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Pterocarpus santalinus

Botanical Nmae :Pterocarpus santalinus
Family: Fabaceae
Subfamily:Faboideae
Tribe: Dalbergieae
Genus: Pterocarpus
Species:P. santalinus
Kingdom: Plantae
Order: Fabales

Common Names: Red Sandlewood,Red sanders and Saunderswood

Indian vernacular names:
Bengali: Rakta Chandan; Guj.: Ratanjali; Hindi: Lal Chandan, Ragat Chandan,Rukhto Chandan, Undum; Kannada.: Agslue, Honne; Mal.: Patrangam, Tilaparni; Marathi.: Tambada Chandana; Or.: Raktachandan; Tamil.: Atti, Chensandanam, Semmaram, Sivaffu Chandanam; Telugu:Agaru gandhamu, Errachandanam, Raktachandanam, Rakta ghandhamu.

Habitat : Pterocarpus santalinus is native to southern Eastern Ghats mountain range of South India.

Description:
Pterocarpus santalinus is a light-demanding small tree, growing to 8 metres (26 ft) tall with a trunk 50–150 cm diameter. It is fast-growing when young, reaching 5 metres (16 ft) tall in three years, even on degraded soils. It is not frost tolerant, being killed by temperatures of ?1 °C.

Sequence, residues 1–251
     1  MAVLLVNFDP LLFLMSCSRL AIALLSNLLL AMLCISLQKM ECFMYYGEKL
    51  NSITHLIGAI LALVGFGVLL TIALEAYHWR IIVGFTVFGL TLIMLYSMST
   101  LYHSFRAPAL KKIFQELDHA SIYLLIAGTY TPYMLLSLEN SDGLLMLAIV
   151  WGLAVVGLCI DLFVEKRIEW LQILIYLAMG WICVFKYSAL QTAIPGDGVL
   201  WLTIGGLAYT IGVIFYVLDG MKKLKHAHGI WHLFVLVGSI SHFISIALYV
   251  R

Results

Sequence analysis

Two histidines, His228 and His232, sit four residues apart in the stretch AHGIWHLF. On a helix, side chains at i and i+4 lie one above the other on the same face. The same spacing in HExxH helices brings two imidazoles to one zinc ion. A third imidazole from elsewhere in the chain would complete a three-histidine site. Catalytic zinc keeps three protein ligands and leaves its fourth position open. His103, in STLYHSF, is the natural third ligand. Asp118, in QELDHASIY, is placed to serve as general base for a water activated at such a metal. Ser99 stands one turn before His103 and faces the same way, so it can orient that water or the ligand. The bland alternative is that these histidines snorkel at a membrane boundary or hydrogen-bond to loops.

The leaves are alternate, 3–9 cm long, trifoliate with three leaflets.
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The flowers are produced in short racemes. The fruit is a pod 6–9 cm long containing one or two seeds.

This tree is valued for the rich red color of its wood. The wood is not aromatic. The tree is not to be confused with the aromatic Santalum sandalwood trees that grow natively in South India.

Medicinal Uses:
Pterocarpus santalinus is used in traditional herbal medicine as an antipyretic, anti-inflammatory, anthelmintic, tonic, hemorrhage, dysentery, aphrodisiac, anti-hyperglycaemic and diaphoretic.

Used occasionally in India for diabetes; the antidiabetic constituent is pterostilbene which also has insecticidal activity. Employed in pharmacy for coloring tinctures.

Other Uses:
The wood has historically been valued in China, particularly during the Qing Dynasty periods, and is referred to in Chinese as zitan and spelt tzu-t’an by earlier western authors such Gustav Ecke, who introduced classical Chinese hardwood furniture to the west.